Organization principles of the early Drosophila embryo
Self-organization refers to the emergence of an overall order in time and space that results from collective interactions of its individual components. Cells and tissues in biological systems achieve dynamic organizations through self-organization processes. In this dissertation, I show two different organization principles observed from the developing embryos of the fruit fly Drosophila melanogaster: the Histone Locus Body size control and cortical migration of nuclei. The Histone Locus Body (HLB) is an evolutionarily conserved nuclear body that regulates the transcription and processing of histone mRNAs. We show that Drosophila HLBs form through phase separation. During embryogenesis, the size of HLBs is controlled in a precise and dynamic manner that is dependent on the cell cycle and zygotic histone gene activation. Control of HLB growth is achieved by a mechanism integrating nascent mRNAs at the histone locus, which facilitates phase separation, and the nuclear concentration of the scaffold protein multi-sex combs (Mxc), which is controlled by the activity of cyclin-dependent kinases. Reduced Cdk2 activity results in smaller HLBs and the appearance of nascent, misprocessed histone mRNAs. Thus, our experiments identify a mechanism linking nuclear body growth and size with gene expression. The early syncytial Drosophila melanogaster embryo goes through 13 rapid cleavage divisions. Followed by axial expansion during nuclear cycles 4-6, the nuclei collectively migrate to the cortex through cycles 7-9, known as cortical migration. In this study, using light sheet microscopy and quantitative analysis, we track individual nuclei in 3D over the migrating stage and demonstrate that cortical migration is essentially a nuclear packing problem resulting from uniformly expanding nuclear shell or the energids. The division orientation distribution can accurately predict how many nuclei will make it to the next shell, suggesting that the division orientation controls the nuclear fate and overall energids organization. Changes in the cell cycle affects cortical migration phenotype by changing the shell expansion duration rather than speed, which leads to changes in the internuclear distance. The nuclei self-organize in a shell in which inter-nuclear distance potentially matches aster size. Our experimental data and mathematical modeling suggest an additional important role of aster-aster interactions, which is to orient the centrosomes in a way that minimizes crowding. Overall, our data highlights that cortical migration is a self-organized process driven by geometric packing of dividing nuclei.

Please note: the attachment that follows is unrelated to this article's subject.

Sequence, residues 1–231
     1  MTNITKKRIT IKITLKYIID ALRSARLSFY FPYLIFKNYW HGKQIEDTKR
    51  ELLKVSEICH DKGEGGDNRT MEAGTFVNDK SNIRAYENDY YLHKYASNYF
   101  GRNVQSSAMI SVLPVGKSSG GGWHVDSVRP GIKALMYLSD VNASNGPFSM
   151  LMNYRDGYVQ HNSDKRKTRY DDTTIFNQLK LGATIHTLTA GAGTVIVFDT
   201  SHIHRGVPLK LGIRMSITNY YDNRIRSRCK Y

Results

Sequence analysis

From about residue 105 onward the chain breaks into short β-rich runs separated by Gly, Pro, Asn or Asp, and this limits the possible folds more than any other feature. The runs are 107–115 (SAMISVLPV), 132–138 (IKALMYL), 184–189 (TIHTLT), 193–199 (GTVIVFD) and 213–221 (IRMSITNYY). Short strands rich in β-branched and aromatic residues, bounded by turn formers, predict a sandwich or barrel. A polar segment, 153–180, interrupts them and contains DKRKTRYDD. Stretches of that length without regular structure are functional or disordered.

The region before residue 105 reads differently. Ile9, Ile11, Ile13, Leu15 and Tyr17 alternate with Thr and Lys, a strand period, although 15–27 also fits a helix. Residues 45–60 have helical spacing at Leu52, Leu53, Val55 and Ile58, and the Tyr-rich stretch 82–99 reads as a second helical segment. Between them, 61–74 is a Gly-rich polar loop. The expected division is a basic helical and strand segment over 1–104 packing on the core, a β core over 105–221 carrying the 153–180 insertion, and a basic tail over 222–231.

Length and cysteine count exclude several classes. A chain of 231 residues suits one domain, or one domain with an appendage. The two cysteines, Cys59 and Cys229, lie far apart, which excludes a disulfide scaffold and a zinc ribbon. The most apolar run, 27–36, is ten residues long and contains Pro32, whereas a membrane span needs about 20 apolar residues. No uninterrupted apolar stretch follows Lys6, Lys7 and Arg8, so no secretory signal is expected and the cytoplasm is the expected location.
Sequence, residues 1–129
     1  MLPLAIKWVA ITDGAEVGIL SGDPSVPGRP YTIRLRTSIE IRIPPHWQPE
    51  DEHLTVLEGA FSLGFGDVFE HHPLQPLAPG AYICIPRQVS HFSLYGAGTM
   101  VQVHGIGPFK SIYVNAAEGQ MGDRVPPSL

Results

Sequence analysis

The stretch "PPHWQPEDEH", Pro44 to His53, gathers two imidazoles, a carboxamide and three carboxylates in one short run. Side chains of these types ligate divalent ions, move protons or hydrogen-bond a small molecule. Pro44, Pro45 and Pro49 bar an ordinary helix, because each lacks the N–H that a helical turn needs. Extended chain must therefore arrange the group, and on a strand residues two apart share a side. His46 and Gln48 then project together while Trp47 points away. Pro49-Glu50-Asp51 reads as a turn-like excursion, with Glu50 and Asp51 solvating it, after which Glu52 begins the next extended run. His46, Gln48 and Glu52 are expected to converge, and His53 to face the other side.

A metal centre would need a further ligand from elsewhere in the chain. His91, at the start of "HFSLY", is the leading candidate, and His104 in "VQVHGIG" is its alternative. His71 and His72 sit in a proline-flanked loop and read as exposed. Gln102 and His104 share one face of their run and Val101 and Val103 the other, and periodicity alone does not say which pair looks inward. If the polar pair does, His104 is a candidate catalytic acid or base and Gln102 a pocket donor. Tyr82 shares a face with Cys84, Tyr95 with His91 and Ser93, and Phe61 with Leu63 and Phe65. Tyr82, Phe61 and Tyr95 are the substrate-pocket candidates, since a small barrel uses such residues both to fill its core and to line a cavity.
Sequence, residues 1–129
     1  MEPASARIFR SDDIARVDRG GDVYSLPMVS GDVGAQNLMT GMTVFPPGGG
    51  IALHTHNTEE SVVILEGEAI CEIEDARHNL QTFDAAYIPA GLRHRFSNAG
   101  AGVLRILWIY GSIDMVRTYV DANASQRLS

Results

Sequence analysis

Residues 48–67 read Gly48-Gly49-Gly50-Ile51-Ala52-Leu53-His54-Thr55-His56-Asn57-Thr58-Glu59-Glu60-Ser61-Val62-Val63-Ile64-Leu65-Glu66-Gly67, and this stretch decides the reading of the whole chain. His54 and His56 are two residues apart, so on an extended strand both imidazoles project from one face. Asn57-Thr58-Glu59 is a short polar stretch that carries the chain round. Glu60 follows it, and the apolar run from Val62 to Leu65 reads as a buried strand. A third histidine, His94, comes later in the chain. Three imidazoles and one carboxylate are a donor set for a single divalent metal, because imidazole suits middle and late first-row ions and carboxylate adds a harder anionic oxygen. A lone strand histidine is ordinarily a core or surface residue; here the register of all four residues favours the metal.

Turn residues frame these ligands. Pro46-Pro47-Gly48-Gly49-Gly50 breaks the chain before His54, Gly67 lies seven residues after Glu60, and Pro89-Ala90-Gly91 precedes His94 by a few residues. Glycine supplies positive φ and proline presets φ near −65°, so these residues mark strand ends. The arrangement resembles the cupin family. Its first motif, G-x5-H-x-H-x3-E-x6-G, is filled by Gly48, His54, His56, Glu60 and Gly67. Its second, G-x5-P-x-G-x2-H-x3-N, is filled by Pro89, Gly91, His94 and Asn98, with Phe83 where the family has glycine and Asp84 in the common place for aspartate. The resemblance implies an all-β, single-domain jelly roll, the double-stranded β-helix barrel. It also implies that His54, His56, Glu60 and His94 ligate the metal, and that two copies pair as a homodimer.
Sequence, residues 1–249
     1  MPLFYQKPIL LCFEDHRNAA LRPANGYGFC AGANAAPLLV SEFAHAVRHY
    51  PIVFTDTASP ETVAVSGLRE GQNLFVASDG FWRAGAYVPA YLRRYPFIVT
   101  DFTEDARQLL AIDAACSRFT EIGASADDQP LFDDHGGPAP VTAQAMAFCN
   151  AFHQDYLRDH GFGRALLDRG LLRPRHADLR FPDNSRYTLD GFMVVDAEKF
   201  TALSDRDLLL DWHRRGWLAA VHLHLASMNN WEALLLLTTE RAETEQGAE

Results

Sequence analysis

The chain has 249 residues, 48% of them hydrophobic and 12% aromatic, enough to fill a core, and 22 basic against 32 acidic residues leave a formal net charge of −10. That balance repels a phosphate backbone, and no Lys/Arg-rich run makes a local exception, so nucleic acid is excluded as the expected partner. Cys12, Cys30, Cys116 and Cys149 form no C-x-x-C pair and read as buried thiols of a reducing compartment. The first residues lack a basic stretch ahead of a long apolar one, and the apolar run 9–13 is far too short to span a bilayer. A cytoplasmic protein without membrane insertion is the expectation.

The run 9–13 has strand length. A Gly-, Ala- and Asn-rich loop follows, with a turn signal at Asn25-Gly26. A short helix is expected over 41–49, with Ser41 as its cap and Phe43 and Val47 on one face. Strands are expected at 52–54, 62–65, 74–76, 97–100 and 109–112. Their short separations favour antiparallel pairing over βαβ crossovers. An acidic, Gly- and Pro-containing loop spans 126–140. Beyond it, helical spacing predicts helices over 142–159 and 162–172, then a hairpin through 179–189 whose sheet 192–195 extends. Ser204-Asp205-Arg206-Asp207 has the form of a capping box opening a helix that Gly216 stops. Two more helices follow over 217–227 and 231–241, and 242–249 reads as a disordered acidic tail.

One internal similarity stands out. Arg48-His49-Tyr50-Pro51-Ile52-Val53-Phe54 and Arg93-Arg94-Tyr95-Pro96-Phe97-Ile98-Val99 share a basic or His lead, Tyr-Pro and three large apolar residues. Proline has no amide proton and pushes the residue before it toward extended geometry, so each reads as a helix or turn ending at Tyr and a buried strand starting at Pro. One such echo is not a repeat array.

Histone Locus Body
This work is licensed under a Creative Commons Attribution-Noncommercial-No Derivative Works 3.0 United States License.
Rights for Collection: Duke Dissertations
Works are deposited here by their authors, and represent their research and opinions, not that of Duke University. Some materials and descriptions may include offensive content. More info